Deforestation of coastal watersheds is occurring throughout the tropics, altering transport of water, nutrients and sediments to mangrove estuaries and coastal oceans. This occurs because of powerful couplings linking land use changes on upland watersheds to receiving aquatic ecosystems down the topographical gradient. This research uses innovative multidisciplinary ecological, hydrological and biogeochemical approaches along six transects in Panama from watersheds subject to different degrees of deforestation to coastal mangroves. This layout will enable testing of hypotheses relating deforestation to functioning of mangrove ecosystems. Results will provide a fresh view of how coastal zones are organized and how human activities reshuffle natural couplings. The work will be based in the Liquid Jungle Laboratory, a research station that permits doing modern research in a remote setting.
Broader impacts of the work include definition of the connections between land use practices and conditions in adjoining mangroves in tropical coastal areas. Results will furnish information needed for assessing impacts of deforestation on coastal mangrove ecosystems that provide a series of economically valuable ecological services, such as fish and shellfish nurseries, interception of land derived nutrients, export of energy rich materials, stabilization of shorelines, maintenance of biodiversity, and various harvestable yields. An education and outreach program will focus on training U.S. and Latin American postdoctoral, graduate and undergraduate students. Strong collaborations with Panamanian and Argentine colleagues will enable bilingual websites, presentations and new programs to help transfer results to local people, managers, decision-makers, and scientific colleagues by digital, printed and oral means.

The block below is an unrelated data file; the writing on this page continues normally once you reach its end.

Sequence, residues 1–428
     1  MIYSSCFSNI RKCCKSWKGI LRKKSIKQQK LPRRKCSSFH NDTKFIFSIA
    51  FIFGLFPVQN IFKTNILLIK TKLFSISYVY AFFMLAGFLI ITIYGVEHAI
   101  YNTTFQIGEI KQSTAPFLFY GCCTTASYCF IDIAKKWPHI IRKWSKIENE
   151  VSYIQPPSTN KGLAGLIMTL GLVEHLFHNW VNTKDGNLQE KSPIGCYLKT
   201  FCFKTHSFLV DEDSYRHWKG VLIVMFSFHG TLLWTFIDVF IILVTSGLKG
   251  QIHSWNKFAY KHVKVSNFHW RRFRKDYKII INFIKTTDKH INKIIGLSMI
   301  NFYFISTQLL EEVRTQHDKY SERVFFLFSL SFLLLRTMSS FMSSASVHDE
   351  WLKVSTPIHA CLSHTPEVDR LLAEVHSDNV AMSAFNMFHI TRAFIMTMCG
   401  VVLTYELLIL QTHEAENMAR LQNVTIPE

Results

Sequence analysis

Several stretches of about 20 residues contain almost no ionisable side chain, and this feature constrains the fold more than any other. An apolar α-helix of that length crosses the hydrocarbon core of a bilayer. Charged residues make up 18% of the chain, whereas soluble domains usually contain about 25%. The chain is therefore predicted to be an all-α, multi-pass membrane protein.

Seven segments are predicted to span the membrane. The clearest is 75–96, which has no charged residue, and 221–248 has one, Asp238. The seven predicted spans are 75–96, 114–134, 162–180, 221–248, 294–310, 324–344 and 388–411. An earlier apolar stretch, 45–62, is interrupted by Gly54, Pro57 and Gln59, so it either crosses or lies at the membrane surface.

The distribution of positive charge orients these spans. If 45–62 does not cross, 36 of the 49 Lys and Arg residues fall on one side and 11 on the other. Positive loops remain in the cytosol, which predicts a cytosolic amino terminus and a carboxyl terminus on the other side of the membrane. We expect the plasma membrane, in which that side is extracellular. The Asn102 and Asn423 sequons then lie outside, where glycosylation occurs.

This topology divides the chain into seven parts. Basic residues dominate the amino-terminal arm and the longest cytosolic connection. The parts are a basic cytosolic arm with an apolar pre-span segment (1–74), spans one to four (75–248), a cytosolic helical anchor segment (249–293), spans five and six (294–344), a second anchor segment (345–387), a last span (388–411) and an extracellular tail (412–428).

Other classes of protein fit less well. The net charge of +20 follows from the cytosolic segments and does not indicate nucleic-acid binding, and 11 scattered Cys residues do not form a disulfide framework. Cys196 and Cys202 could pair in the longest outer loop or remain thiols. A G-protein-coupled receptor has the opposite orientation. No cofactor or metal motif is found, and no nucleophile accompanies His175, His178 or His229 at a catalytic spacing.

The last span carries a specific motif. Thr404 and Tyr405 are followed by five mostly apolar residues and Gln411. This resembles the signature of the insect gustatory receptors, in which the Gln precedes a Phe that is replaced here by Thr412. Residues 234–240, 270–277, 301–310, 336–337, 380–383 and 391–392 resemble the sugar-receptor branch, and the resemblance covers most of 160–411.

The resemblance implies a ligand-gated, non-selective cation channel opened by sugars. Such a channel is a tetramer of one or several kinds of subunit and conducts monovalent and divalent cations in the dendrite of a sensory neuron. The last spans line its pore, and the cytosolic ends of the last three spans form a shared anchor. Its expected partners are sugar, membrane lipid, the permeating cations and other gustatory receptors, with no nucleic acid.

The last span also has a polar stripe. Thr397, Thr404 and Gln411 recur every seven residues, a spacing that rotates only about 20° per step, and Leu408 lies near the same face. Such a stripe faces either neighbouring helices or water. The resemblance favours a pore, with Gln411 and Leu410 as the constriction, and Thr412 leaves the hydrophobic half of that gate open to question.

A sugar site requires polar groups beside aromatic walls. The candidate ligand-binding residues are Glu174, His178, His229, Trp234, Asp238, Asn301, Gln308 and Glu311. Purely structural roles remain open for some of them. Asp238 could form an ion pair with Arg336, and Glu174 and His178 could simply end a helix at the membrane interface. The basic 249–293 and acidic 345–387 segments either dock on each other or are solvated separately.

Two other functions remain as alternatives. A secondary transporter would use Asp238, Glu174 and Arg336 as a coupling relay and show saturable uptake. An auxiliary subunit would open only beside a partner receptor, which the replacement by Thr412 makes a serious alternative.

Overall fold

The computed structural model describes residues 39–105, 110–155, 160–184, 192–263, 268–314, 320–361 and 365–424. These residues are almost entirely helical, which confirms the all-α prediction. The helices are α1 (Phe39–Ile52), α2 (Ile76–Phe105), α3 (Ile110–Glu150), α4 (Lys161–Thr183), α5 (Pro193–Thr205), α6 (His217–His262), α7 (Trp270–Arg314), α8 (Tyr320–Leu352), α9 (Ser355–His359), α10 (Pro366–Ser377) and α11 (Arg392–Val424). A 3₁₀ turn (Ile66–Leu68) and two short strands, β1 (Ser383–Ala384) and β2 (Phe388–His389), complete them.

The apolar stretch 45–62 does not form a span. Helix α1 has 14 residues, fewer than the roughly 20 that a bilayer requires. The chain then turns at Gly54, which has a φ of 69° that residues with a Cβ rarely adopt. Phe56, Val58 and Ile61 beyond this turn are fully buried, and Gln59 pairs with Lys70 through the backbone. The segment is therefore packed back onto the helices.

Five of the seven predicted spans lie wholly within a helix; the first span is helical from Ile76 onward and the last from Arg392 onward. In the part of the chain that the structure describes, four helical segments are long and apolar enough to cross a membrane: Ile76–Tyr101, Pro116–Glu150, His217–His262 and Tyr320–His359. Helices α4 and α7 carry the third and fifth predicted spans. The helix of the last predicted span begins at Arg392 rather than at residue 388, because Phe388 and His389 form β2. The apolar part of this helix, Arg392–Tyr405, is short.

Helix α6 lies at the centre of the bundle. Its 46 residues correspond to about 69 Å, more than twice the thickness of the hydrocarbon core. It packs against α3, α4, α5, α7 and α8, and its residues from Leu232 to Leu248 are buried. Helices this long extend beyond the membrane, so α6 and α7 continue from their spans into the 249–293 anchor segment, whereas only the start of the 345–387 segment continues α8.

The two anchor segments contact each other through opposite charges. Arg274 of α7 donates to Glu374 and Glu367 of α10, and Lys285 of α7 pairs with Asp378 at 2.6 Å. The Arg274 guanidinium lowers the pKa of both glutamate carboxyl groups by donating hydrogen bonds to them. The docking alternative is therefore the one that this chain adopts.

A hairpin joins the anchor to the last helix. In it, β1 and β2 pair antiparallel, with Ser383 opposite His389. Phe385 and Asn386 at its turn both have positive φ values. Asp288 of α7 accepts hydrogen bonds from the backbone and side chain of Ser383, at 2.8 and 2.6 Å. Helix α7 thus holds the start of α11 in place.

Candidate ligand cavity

This research made intellectual contributions to understanding of the workings of coupled land-estuary-coastal sea regions in the tropics. In addition, the results add knowledge about how tropical subsistence-level conversion of forests to pastures may alter to interactions of coastal zone landscapes and their effects on the sea. In the region of Panama where we carried out the work, subsistence-level land owners cut and burn forests tracts to create pastures that they can ren to absentee livestock owners. Deforested watersheds, surprisingly, discharged less dissolved nutrients than fully forested watersheds. These discharges move down-estuary and are acted upon by the estuarine organisms so that by mid-estuary, the terrestrail imprint has been erased. Nutirents in particulate form are transported downstream, more so from deforested watersheds than forested watersheds. The net result is that there is a large amount of interception of terrestrial materials within estuaries, the estuaries create their own mix of nutirnets, which are then in turn discharged to sea. Thus, the mangrove-lined estuaries both intercept delieveries from land, and the export materials to the coastal waters. In spite of the active interception within mangrovve estuaries, the nutients dischargesd from the estuaries are still enough to subsidize food webs in the coastal seas, owing to the low nutrient status of these tropical coastal surface waters. Human activities therefore can to some degree re-set the role mangrove estuaries play in these coastal seascapes, but are still not enough to thwart the provision of ecological services by mangroves, at least not yet.